digital humanities digital rhetoric

close reading and the Ptolemaic universe

This post takes up where the last one ended. In discussions of theory, I often hear poststructuralism described as a Copernican moment. As the Earth moves from being at the center of the universe, with poststructuralism, we say, the human subject is decentered. Maybe. We can recognize, “in theory,” how subjectivity, agency, rationality are treated; it’s all postmodernism 101. So we are familiar with this analogy in the humanities. At the same time, poststructuralism is carried out through the work of individual philosophers and often through close readings. Certainly the work that has been undertaken with these methods has continued in the form of close readings. One of the compelling qualities of the Ptolemaic model of the solar system was that it was predictive. Based upon careful observations and measurements of the visible universe, the geocentric model could anticipate the movement of heavenly objects. In short, it was self-validating within its own metaphysics. Of course, the geocentric universe also depending upon having access to a limited amount of information about the heavens–what could be seen by the naked eye.

As is maybe obvious, close reading is likewise what can be seen of texts by the naked eye. As is perhaps also obvious, the geocentric model rested implicitly on the premise that the universe was made for humans to experience. Close reading also rests on the premise that texts are made for humans to experience. The text/close reading argument seems more plausible because texts are written by people for people… right? Well, at least we can say that texts are the product of cultural/social forces as opposed to the natural forces of the universe… right? Instead, if we asserted, in a Latourian sense, that texts are a product of human and nonhuman forces, that they are not necessarily made “for humans” any more than heavenly bodies are.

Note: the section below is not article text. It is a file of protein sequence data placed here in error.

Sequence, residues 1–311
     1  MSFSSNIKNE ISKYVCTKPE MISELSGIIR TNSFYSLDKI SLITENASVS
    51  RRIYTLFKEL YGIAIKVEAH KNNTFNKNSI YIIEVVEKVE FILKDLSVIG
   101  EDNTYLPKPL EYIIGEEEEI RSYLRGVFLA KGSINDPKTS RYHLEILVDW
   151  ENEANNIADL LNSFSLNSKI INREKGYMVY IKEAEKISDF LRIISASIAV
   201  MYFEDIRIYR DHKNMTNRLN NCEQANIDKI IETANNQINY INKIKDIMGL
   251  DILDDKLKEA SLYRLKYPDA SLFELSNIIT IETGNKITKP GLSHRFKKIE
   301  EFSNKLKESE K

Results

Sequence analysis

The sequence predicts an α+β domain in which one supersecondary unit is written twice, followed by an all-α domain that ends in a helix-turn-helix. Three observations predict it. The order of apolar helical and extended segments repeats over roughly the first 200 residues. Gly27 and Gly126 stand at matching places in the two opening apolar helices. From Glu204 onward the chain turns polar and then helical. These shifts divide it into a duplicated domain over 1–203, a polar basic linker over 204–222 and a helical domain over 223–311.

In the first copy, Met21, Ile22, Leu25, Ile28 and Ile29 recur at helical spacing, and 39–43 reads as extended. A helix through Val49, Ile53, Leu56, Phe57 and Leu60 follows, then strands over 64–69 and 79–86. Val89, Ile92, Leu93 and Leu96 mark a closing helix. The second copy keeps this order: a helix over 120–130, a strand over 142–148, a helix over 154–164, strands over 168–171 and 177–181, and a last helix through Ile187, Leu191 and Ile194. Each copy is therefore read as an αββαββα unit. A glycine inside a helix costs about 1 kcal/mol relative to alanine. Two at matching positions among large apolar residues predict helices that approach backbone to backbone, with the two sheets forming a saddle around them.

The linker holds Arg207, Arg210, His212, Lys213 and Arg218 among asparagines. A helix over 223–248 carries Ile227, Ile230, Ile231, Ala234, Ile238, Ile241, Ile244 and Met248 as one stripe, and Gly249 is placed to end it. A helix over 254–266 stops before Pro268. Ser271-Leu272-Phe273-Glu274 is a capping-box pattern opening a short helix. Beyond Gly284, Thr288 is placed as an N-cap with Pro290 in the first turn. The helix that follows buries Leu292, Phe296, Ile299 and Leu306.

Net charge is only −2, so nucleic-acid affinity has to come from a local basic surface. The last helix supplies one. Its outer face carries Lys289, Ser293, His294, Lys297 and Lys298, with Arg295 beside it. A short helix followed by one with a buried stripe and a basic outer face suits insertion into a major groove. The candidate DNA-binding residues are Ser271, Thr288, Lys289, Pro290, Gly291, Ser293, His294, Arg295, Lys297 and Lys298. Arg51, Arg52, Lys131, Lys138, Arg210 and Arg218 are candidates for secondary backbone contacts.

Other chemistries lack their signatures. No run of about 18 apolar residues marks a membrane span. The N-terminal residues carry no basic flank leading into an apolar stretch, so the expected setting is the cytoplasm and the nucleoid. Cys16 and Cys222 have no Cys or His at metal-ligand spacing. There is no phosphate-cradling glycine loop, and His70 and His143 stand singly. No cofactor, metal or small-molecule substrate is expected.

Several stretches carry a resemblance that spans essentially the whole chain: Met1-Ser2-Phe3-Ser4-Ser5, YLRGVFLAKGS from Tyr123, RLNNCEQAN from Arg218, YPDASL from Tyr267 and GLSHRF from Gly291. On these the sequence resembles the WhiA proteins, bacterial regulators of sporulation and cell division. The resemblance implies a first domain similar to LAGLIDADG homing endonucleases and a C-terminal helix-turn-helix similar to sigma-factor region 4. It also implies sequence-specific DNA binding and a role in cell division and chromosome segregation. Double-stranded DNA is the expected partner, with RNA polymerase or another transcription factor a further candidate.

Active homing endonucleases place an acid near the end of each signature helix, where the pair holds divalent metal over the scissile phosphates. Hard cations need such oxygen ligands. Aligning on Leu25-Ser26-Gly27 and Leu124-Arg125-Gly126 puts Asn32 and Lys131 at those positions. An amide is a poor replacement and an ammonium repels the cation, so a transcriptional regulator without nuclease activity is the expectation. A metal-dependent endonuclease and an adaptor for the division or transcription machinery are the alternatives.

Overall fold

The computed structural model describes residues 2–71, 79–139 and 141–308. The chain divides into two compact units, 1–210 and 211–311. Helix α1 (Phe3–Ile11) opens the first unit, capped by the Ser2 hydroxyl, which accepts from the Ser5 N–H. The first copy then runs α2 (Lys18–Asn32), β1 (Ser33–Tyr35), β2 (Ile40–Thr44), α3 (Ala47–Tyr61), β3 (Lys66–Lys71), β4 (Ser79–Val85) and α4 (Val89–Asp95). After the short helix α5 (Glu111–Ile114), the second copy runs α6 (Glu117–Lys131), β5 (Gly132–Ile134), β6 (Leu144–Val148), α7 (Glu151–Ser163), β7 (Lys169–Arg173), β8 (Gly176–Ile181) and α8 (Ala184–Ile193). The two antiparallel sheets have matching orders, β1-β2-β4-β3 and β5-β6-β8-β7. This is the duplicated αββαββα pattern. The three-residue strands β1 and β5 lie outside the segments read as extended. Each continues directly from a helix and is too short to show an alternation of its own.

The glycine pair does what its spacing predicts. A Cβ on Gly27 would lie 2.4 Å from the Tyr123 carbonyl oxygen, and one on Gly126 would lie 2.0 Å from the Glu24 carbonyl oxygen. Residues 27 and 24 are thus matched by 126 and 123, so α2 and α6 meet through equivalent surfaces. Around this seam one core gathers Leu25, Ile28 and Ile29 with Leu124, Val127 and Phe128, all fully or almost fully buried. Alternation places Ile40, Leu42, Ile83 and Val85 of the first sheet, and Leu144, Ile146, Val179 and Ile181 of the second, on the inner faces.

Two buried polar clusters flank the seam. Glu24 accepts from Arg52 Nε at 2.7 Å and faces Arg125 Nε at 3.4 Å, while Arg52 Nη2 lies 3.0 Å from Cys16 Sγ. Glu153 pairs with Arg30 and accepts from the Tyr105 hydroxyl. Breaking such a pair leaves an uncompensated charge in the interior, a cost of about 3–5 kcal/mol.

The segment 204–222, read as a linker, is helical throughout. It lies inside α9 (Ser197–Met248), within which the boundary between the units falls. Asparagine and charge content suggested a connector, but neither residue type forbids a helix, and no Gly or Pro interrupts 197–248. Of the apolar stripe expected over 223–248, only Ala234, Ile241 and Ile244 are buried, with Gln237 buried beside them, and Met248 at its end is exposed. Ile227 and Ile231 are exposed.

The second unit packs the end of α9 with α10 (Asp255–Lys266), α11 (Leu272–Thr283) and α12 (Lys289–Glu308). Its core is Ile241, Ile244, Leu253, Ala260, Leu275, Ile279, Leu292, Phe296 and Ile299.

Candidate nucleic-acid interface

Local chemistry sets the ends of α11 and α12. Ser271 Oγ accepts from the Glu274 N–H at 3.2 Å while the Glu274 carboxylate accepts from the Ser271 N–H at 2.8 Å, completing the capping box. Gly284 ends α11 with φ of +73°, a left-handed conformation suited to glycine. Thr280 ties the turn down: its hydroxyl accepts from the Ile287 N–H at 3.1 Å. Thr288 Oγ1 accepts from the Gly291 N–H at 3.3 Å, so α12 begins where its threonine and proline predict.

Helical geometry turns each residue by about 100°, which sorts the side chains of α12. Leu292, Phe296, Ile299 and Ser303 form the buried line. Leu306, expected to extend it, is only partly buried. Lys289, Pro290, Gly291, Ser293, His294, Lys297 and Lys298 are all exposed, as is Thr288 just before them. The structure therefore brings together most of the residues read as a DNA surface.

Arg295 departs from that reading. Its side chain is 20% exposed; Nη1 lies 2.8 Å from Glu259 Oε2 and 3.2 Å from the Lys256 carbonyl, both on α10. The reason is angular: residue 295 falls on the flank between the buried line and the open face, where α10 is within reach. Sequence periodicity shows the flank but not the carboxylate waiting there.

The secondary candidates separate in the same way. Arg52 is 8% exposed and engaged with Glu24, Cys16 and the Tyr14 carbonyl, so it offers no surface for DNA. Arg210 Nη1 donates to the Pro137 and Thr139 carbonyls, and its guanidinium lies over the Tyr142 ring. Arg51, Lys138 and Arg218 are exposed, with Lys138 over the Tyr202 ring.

IF we made such an assertion, then what would we make of the methodology of close reading? What kind of knowledge would we say that it produced? Certainly it could tell us something, in a kind of ethnographic way, about how humans experience texts. And really that’s all close reading ever aspired to be. No one would claim that an interpretation would tell you what a text “really” is. It’s just that we never really gave much thought to there being anything worthwhile about texts beyond our relationship to them. This is what I see in digital humanities: an investigation into how texts operate in a scope that is outside our direct experience with them. (Set aside for a moment, if you will, the correlationism issue.) In this context, I’m not sure how close reading and macroanalysis (to use Jockers’ term) will play together. I’m sure people will continue to be both. It just seems to me that if we accept the ontological premise of macroanalysis then close reading becomes a strange kind of practice, more like astrology than astronomy, imagining that the stars tell us about ourselves.

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